There is no constitutional basis for holding that the speedy trial right can be quantified into a specified number of days or months. Barker v. Wingo, supra; Perkins v. State, 504 S.W.2d 458 (Tex.Cr. App.1974), overld on other grounds; Ex parte Taylor, 522 S.W.2d 479 (Tex.Cr.App. 1975). The right to a speedy trial arises from the time the defendant is formally accused or arrested. Dillingham v. United States, 423 U.S. 64, 96 S. Ct. 303, 46 L. Ed. 2d 205 (1975); United States v. Marion, 404 U.S. 307, 92 S. Ct. 455, 30 L. Ed. 2d 468 (1971); Easley v. State, 564 S.W.2d 742 (Tex.Cr.App. 1978), cert. denied, 439 U.S. 967, 99 S. Ct. 456, 58 L. Ed. 2d 425 (1978). Finally, the length of the delay must be examined on a case by case basis.

In the present case, the relator was indicted on August 6, 1985. Over two years and six months have since passed. Such a delay is more than sufficient to require a further examination of relator's speedy trial claim. Hull v. State, supra; Turner v. State, supra.


As previously stated, the relator filed a motion for a speedy trial which has not been responded to by the prosecutor nor acted upon by the respondent. The respondent's response to relator's pleading indicates that his is the only court hearing criminal cases within his five county district. The respondent also states that the failure to set Cause No. 4706 for trial "has been due to my attempt to dispose of the backlog of criminal cases pending throughout the five counties in this District." The prosecution has not filed an independent response to the relator's allegations in his application for writ of mandamus.

Unlike the statutory Speedy Trial Act,[3] which addressed prosecutorial delays only, the constitutional right to a speedy trial governs the entire criminal justice process. Thus, the overcrowded dockets of trial courts, while a factor to be considered, do not excuse trial delays. But see, Phillips v. State, 659 S.W.2d 415, 419 (Tex.Cr. App.1983); Ostoja v. State, 631 S.W.2d 165, 167 (Tex.Cr.App.1982). As the Supreme Court stated in Barker v. Wingo, "[a] more neutral reason such as negligence or overcrowded courts should be weighed less heavily but nevertheless should be considered since the ultimate responsibility for such circumstances must rest with the government rather than with the defendant." Id., 407 U.S. at 532, 92 S. Ct. at 2192, 33 L. Ed. 2d at 117; Phillips v. State, 650 S.W.2d 396, 400 (Tex.Cr.App. 1983). There is nothing within the record however, to indicate that the State has even made an attempt to secure a trial date. Furthermore, congested trial docket or not, the respondent has presided over criminal trials in San Saba County on several occasions since the relator was indicted.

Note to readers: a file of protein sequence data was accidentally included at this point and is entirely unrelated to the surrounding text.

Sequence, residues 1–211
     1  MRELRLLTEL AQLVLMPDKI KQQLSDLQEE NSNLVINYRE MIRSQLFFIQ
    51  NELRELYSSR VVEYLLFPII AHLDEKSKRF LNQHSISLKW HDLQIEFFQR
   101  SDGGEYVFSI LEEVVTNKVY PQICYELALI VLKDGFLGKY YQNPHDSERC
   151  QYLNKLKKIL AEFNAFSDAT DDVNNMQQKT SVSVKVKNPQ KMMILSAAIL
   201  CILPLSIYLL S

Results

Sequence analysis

It is well established that a defendant incarcerated on another charge is entitled to the same speedy trial rights as a defendant on bail. The relator's status as a prisoner can neither prejudice his speedy trial rights nor serve as a justification for delay on the part of the State. Smith v. Hooey, supra; Ex rel Moreau v. Bond, 114 Tex. 468, 271 S.W. 379 (1925).

The primary burden is on the prosecution and the courts to insure that defendants are speedily brought to trial. Turner v. State, 504 S.W.2d 843, 845 (Tex.Cr.App. *137 1974); McKinney v. State, 491 S.W.2d 404, 407 (Tex.Cr.App.1973). Both the trial court and prosecution are under a positive duty to prevent unreasonable delay. Wilson v. Bowman, supra, at 321. The relator has done nothing to prevent or delay a trial in Cause No. 4706. Vardas v. State, 518 S.W.2d 826 (Tex.Cr.App.) cert. denied, 423 U.S. 904, 96 S. Ct. 206, 46 L. Ed. 2d 135 (1975). The prosecution has not submitted any justification whatsoever for the delay in this instance. Although a delay due to congested trial dockets is weighed less heavily, we are not satisfied that this is the only reason for the delay. In any event, overcrowded trial dockets alone cannot justify the diminution of the criminal defendant's right to a speedy trial.


On January 8, 1987, the relator made a demand for a speedy trial in Cause No. 4706. The respondent has admittedly taken no action on that motion. As the Supreme Court stated in Barker v. Wingo, supra, "[t]he defendant's assertion of his speedy trial right, then, is entitled to strong evidentiary weight in determining whether the defendant is being deprived of the right. We emphasize that failure to assert the right will make it difficult to prove that he was denied a speedy trial." Id., 407 U.S. at 533, 92 S. Ct. at 2192-393, 33 L. Ed. 2d at 117. The relator has clearly asserted his right to a speedy trial.